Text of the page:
Tuesday, March 13, 2012

The End


The End paulmccartney.filminspector.com
"The End."



"The End" is the very last official track on their very last album of Beatles new material, "Abbey Road" ("Let It Be" was actually mostly recorded before "Abbey Road" even though it was released after). However, strangely enough, "The End" also has some Beatles firsts. The Beatles via Paul McCartney a) have Ringo perform their very first and only pure drum solo, and b) give us the greatest single-line lyric of the entire rock era. Not bad for one song. Not bad at all. Oh, in case you were wondering, it is Paul, then George, then John in the classic guitar solo, in that order. There is something fitting in the fact that John, the group's founder, has the final guitar solo despite later being displaced as the Beatles' leader by Paul.

The End paulmccartney.filminspector.com


Many people don't think of "The End" as a separate song because it concludes the extended medley on Side 2 of "Abbey Road." Such is the artistry of "Abbey Road" that it all sounds like one song with simple segues from one section to the next.

The End paulmccartney.filminspector.com


John Lennon liked "The End." He gave Paul a somewhat backhanded compliment for it some years later:
That's Paul again, the unfinished song, right? We're on Abbey Road. Just a piece at the end. He had a line in it [sings] 'And in the end, the love you get is equal to the love you give [sic],' which is a very cosmic, philosophical line. Which again proves that if he wants to, he can think.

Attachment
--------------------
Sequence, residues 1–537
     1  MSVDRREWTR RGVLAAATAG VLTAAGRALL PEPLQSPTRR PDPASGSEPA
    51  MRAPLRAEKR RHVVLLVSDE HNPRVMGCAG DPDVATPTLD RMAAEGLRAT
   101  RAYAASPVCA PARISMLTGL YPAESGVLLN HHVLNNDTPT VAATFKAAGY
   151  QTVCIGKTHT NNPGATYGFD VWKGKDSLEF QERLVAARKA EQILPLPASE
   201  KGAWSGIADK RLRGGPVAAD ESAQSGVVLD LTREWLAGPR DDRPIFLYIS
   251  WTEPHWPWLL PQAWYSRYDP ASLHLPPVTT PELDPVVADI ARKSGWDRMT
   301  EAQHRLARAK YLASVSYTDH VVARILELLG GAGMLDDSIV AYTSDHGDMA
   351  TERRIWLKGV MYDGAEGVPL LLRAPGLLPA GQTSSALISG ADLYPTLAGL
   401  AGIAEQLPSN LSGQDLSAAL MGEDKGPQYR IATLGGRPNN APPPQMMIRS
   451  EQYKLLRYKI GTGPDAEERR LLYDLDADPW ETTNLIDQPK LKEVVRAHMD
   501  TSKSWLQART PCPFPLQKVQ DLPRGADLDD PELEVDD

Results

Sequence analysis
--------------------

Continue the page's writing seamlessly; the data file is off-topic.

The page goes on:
For John at this stage of his life, this was a huge and somewhat unexpected compliment.

The End paulmccartney.filminspector.com


Paul hasn't had a lot to say about the creative process behind "The End," at least publicly. However, instead, when asked about it, Paul has focused on some of the technical issues behind its recording:
Ringo would never do drum solos. He hated drummers who did lengthy drum solos. We all did. And when he joined The Beatles we said, "Ah, what about drum solos then?", thinking he might say, "Yeah, I'll have a five-hour one in the middle of your set," and he said, "I hate 'em!" We said, "Great! We love you!" And so he would never do them. But because of this medley I said, "Well, a token solo?" and he really dug his heels in and didn't want to do it. But after a little bit of gentle persuasion I said, "Yeah, just do that, it wouldn't be Buddy Rich gone mad," because I think that's what he didn't want to do.
Regarding the closing lines, Paul has said:
I wanted it to end with a little meaningful couplet, so I followed the Bard and wrote a couplet.
You won't hear references to Shakespeare from too many rock musicians.

The End paulmccartney.filminspector.com


The Beatles did not know that "Abbey Road" would be their last album while they were in the process of creating it. However, compositions often reflect what is going on in the writer's mind, so "The End" indicates - at least to me - that Paul subconsciously knew things were coming to a close even if it would take another six months to get to that point. If there was a musical conclusion to the '60s, "The End" was it.


The End paulmccartney.filminspector.com

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